Friday, June 06, 2008

Three plays and a reading

Reviewing last year's edition of Virgin Labfest, I made mention of three plays as the festival's strongest entries: Layeta Bucoy's Ellas Inocentes, directed by Tuxqs Rutaquio; Yoji Sakate's Three Sisters, directed by Jose Estrella; and Mga Obra ni Maestra, written and directed by Niel De Mesa.

I'm happy to report that those three plays are being re-staged in the forthcoming Virgin Labfest 4, opening June 25 at the CCP, under the program “Virgin Labfest 3 Revisited.” (Call it “The Best of Virgin Labfest 3” and I'd be happy to go along.) They go onstage on Wednesday, 25 June (3 p.m./8 p.m.), Friday, 4 July (8 p.m.) and Saturday, 5 July (3 p.m.) Mark those dates--or you'd miss three original one-act plays of exceptional merit. Here's what I said about them:

In “Ellas Inocentes,” family stayed in the background, but its pernicious claws remained front and center as two girls traded trivial stories that, little by little, revealed the abusive circumstances they were in.

With the slow accretion of horrifying details, culminating in the girls innocently play-acting their parents’ perverse lives, “Ellas Inocentes” acquired a mesmerizing power. The accomplished writing (by Layeta Bucoy), directing (by Tuxqs Rutaquio) and acting (by Lovely Balili and Ness Roque) stamped this play as the Labfest’s best entry.

Layeta Bucoy's “Ellas Inocentes,” directed by Tuxqs Rutaquio

Two other plays could compete for that honor, give or take a few points. Niel de Mesa’s children’s play, “Mga Obra ni Maestra,” which he also directed, was a terrific blend of sassy theater and video and animé elements--a way forward, if you will, for a new generation of audiences weaned on MTV and Japanese manga.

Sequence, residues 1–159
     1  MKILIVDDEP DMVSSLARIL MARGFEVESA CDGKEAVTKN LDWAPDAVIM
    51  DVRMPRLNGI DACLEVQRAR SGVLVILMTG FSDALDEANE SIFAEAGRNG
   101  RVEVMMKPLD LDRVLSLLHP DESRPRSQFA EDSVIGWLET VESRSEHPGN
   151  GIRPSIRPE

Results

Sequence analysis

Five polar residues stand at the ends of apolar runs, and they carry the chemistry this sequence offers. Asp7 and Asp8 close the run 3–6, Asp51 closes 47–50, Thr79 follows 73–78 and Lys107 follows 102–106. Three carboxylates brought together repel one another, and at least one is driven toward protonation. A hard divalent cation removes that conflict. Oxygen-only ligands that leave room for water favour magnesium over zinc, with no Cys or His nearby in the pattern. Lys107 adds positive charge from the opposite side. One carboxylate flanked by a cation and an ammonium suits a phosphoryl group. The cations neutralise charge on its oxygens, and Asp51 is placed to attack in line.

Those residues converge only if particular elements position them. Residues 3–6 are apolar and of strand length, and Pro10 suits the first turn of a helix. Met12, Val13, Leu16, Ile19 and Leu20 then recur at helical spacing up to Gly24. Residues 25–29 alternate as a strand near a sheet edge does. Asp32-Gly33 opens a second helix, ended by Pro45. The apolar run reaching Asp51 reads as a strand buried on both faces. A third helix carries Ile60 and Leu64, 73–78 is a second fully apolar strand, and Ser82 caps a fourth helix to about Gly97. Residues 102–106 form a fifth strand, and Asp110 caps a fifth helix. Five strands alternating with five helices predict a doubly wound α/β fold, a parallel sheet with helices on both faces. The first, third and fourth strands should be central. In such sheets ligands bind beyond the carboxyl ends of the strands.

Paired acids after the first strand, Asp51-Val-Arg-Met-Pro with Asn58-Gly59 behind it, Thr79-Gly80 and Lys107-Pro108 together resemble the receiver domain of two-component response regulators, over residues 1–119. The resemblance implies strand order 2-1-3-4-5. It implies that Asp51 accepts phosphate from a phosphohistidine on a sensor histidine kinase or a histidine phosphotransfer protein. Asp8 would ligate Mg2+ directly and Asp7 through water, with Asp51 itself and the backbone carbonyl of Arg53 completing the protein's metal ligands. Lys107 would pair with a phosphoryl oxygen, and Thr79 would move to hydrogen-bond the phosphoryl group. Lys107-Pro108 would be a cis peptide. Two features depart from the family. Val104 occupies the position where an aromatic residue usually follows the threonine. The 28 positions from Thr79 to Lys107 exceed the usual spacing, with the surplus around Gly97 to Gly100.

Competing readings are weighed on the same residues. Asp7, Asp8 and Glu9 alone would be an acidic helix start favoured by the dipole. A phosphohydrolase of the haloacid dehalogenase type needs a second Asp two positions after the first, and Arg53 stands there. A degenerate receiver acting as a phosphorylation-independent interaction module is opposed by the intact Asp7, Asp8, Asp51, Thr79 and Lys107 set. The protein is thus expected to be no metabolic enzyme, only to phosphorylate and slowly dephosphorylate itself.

“Mga Obra ni Maestra,” written and directed by Niel de Mesa

This fully realized concoction of outrageous costumes, earnest dialogue and wide-ranging imagination engaged the senses from beginning to end, with 10-year-old Abbey Gonzalez stealing the show with her precocious self-assurance.

At the polar end of “Mga Obra ni Maestra” was Japanese playwright Yoji Sakate’s Noh play “Three Sisters,” about shell-shocked soldiers returning from a war and encountering actors rehearsing a play in a devastated town.

Yoji Sakate's “Three Sisters,” directed by Jose Estrella

A kind of elegiac fugue on the civilizing power of art over barbarity, Sakate’s dream-like work found a great ally in José Estrella, who, with atmospheric direction and the intense acting of her cast led by Mailes Kanapi, created a theatrical piece of sweeping emotional liberation dipped in autumnal colors.

Another important event you have to catch: the staged reading of excerpts from Savage Stage, an anthology of nine plays developed and mounted by the New York-based Ma-Yi Theater Company, on Thursday, July 3, 6:30 p.m.

Ma-Yi's artistic director, Ralph Pena, is himself flying to Manila to direct the reading and launch the book. Among the plays are Han Ong's Middle Finger, Pena's Flipzoids, Chris Millado's PeregriNasyon and Lonnie Carter's The Romance of Magno Rubio (2003 special Obie awardee).

If all that still leaves you unconvinced, check out the first-rate cast: Irma Adlawan-Marasigan, Shamaine Centenera Buencamino, Nonie Buencamino, Joel Torre, JJ Ignacio, Red Concepcion, JM de Guzman and Nar Cabico. Hebigat!

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